Originally Posted by qguy
In a perfect world, all amplifiers should sound the same, as the goal of the amplifer is simply to amplify the signal, it should not add nor detract anything from the signal... sadly we don't live in a perfect world and compromises in manufacturing are made. Take for instance a capacitor or a resistor with a 5 percent tolerance, at maximum tolerances between 2 capacitors one being +5 percent from value and the other -5 percent, we have a total of ten percent difference from 2 parts being used in both channels, multiply that difference between all the parts in the amplifier. The more expensive amplifers uses parts with tighter tolereances, they even matched parts which are already very close in tolerance. Transistors are gain match to ensure balance between left and right channels, these are practices that the mass market manufacturer does not include in their process.
Electronic circuits have a property called sensitivity, which is how sensitive the performance of the total piece of equipment is to variations in the given part. An amplifier is not equally sensitive to variations in all parts values. Many of the parts in an amplifier can vary over a wide range while having a negligible effect on performance. Some parts, especially the transistors can have important parameters such as their current gain that vary over a wide range - 2:1 or more while they are operating, and can themselves vary over a range of upwards of 6:1 while having a negligible effect on overall amplifier performance.
In fact transistors are not gain matched to ensure channel balance. Most transistors in AVRs are microscopic parts that are parts of op amp chips. The gain of amplifiers is usually set by a pair of resistors in the amplifiers inverse feedback path. Historically, the biggest detriment to amplifier gain matching were the analog mecchanical volume controls but for the past 10 years or so most AVRs have used electronic volume control chips that have tolerances on the order of 0.5%. or 0.05 dB.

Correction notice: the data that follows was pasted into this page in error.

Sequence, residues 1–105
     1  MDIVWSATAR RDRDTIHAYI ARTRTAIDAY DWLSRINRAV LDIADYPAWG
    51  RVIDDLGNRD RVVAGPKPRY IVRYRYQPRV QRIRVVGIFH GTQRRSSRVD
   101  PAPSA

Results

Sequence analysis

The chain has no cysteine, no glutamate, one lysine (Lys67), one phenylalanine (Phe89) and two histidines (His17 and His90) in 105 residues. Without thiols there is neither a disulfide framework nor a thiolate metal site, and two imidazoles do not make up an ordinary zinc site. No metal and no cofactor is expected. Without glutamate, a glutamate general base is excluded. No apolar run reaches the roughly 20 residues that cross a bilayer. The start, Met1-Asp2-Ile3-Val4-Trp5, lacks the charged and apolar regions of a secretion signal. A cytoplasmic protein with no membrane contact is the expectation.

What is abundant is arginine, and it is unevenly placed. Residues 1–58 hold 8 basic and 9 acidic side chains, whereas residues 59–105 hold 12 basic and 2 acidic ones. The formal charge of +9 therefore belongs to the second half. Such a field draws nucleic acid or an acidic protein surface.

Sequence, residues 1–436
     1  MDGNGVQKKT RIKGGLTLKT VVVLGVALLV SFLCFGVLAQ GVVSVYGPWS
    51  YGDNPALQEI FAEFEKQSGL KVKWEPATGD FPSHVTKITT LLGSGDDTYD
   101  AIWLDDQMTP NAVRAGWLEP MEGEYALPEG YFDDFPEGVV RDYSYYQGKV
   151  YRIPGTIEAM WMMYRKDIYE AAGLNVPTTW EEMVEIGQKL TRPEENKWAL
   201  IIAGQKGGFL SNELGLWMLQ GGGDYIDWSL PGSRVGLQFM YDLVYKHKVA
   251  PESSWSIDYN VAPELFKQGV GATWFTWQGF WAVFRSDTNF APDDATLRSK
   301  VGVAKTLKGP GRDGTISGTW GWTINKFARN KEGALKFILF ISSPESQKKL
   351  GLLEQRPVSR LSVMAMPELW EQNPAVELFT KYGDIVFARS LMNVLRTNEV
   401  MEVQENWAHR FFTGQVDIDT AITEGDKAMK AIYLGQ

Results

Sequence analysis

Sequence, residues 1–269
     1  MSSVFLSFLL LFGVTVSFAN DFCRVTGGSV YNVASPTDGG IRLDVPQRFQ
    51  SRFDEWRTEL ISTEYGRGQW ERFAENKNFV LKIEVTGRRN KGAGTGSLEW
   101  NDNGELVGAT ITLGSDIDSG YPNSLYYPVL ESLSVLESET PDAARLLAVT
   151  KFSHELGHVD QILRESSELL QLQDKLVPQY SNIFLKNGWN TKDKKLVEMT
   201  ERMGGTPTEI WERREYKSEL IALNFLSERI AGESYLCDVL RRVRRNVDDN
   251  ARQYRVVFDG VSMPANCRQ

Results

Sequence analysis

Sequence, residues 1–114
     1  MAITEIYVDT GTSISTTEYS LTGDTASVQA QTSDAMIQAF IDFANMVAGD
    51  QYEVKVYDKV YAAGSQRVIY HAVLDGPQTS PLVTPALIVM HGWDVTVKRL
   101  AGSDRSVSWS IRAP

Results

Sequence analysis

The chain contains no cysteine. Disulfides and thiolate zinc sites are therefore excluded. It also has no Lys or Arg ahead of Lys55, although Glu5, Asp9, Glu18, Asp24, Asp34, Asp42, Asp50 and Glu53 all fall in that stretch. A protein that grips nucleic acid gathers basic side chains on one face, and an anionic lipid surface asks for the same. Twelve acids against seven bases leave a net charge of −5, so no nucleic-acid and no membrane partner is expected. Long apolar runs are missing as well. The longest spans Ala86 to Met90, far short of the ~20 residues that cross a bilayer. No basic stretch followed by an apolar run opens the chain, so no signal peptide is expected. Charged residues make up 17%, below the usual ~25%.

If you actually ever get around to measuring the performance of real world audio amplifiers you will find that there are indeed slight variations in how nominally identical power amplifiers operate. It's easy enough to find differences in the gain and distortion that vary by a few percent per channel. IOW one channel might have 0.012% distortion under a certain set of circumstances, and another channel might have 0.011% distortion under the same circumstances. One channel might put out 98 watts under a certain set of circumstances while another channel might put out 99 watts.
Stage gains are usually set by 1% resistors, which means that channel gains will vary by up to 2% (0.2 dB) per channel but most channels will be within 0.5% (0,05dB). Again all trivial differences, but differences that can be measured reliability with modern test equipment.
I don't know where you obtained your ideas about amplifiers and parts sensitivities, but its not part of this world, and hasn't been for at least 40-50 years. For example the gains of even tubed amplifiers in amplifiers with any pretentions of quality going back into the 1960s and earlier were not allowed to be controlled by variations in the gain of individual tubes because the gain of tubes varied by dozens of percentage points over the life of a tube, or even over a few years of operation. Solid state equipment has always been designed to not
have its performance controlled by the gain of individual transistors.
It is true that manufacturers graded transistors (and tubes) back in the early days, but the goal was not obtaining the right gain, but rather obtaining consistent bias points and desired distortion and noise performance.
In this day and age resistors with 1-2% tolerance are commodity parts and are not reserved for the most expensive equipment. Resistors with higher tolerances are generally not used for audio components but show up in electronic devices like test equipment.